Listen to it and take what you want to, but don’t discount everything you fundamentally believe to be true just because someone with more experience (possibly) says things can only be done one way.
We have been told from day one that many of the things we do are impractical or impossible. That home-compostable packaging won’t stand up on retail shelves, that donating 20 per cent of profit is unsustainable, that I need a bigger board (I don’t believe a top-heavy organisation has ever helped anyone) and that I shouldn’t use equity crowdfunding to raise capital.
None of this advice (and much more) has ever panned out to be true, but it’s a reflection of the prevailing (often outdated) business advice that is out there that people believe to be absolute. My COO and business partner Tristan has repeatedly told me that business is simple but people overcomplicate it, and this is so true.
If something someone is telling you is fundamentally in opposition to what you believe, you don’t have to do it. It’s tempting as an inexperienced person to simply take advice blindly, but that can lead you astray, as no one knows your business and your goals like you do.
So, in essence, don’t go into your new business blindly, focusing only on things like your new business cards or the colour of your website. Do some planning, do some research, but don’t get bogged down in it.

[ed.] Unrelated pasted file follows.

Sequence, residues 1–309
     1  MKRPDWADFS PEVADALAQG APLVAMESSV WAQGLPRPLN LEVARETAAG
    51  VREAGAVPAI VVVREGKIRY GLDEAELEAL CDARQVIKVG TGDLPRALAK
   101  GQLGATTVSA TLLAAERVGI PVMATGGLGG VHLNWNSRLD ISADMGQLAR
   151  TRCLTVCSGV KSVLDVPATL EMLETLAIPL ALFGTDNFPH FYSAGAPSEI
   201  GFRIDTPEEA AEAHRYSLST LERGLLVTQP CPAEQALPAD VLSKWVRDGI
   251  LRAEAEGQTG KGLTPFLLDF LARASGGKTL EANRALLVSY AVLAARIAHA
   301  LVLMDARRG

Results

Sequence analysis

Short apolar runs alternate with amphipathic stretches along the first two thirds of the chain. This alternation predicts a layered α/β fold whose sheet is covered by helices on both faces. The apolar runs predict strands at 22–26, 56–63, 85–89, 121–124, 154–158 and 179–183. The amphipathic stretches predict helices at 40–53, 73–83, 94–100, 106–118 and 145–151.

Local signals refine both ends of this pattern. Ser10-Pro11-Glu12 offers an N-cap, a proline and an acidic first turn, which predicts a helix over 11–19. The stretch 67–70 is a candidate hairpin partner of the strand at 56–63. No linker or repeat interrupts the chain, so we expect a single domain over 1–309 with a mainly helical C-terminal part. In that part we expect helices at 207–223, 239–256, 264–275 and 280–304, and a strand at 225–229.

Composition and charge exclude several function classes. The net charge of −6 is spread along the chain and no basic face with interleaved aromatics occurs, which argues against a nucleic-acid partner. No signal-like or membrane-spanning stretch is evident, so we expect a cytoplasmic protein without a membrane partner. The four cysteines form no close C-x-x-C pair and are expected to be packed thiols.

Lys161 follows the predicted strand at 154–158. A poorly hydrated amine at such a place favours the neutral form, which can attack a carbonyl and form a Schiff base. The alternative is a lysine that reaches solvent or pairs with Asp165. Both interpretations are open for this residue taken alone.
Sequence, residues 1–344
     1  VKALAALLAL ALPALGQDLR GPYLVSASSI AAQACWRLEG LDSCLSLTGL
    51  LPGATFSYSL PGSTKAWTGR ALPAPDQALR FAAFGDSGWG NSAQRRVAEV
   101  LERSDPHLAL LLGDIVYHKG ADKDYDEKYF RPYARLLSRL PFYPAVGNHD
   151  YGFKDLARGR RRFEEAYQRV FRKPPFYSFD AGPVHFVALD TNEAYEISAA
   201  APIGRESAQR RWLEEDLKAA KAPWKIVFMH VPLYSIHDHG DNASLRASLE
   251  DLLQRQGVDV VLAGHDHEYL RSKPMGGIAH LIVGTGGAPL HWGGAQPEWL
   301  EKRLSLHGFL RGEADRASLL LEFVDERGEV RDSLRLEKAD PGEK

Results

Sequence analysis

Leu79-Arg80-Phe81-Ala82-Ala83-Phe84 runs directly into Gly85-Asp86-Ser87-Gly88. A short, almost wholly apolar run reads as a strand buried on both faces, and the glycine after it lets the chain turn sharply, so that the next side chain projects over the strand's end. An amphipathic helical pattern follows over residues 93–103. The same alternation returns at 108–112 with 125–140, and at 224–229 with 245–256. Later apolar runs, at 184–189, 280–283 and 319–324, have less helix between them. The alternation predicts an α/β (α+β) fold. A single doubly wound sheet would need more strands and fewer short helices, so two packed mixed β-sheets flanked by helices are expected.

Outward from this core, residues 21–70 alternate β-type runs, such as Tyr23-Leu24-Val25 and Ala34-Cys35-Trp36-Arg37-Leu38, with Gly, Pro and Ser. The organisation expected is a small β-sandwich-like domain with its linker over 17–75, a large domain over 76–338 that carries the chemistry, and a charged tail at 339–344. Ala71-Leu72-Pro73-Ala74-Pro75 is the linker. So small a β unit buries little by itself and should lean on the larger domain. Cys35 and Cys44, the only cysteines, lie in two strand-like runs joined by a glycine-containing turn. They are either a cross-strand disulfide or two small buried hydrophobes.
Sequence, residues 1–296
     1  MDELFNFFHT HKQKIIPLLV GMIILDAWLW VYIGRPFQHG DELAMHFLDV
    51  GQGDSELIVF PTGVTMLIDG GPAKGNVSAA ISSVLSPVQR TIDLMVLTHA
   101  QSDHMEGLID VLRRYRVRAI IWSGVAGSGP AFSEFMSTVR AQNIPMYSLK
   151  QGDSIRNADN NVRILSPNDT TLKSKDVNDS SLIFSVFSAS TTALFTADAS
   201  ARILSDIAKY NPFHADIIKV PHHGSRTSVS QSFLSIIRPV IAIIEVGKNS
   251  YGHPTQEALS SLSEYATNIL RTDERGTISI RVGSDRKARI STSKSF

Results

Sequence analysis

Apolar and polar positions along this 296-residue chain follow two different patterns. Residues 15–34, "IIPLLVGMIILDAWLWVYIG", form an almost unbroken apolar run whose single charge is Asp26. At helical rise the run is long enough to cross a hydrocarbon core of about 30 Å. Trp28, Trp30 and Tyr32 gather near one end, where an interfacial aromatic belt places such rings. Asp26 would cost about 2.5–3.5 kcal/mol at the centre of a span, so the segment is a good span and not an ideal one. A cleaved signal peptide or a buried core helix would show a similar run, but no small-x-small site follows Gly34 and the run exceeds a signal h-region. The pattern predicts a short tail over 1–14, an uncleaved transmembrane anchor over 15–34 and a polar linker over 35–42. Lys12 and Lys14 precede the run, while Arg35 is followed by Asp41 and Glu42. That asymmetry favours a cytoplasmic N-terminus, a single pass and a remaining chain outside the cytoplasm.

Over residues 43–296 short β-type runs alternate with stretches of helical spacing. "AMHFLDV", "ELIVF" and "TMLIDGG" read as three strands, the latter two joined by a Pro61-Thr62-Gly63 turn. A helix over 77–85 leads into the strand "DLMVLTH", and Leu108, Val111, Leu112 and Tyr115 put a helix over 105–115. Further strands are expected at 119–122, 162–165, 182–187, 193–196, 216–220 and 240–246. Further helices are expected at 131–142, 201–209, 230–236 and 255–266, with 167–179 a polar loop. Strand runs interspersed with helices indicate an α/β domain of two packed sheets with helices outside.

You can have the best product and the best business plan in the world, but if you don’t actually get started, it will go nowhere. And that bit seems to be the point that lots of people get stuck on. What do I do first? How do I actually start?
And here I always go back to my favourite famous phrase (attributed to several different people): How do you eat an elephant? One bite at a time.
Start with something small you can tackle, like building a website (easier than you might think) or reaching out to a colleague to get some feedback (though be careful with your IP). Once you have taken that initial step, you will grow in confidence to take the next. Then the next and the next. If a task seems monumental, break it down into pieces so it’s achievable.
If you are starting a business in 2021, I wish you all the best!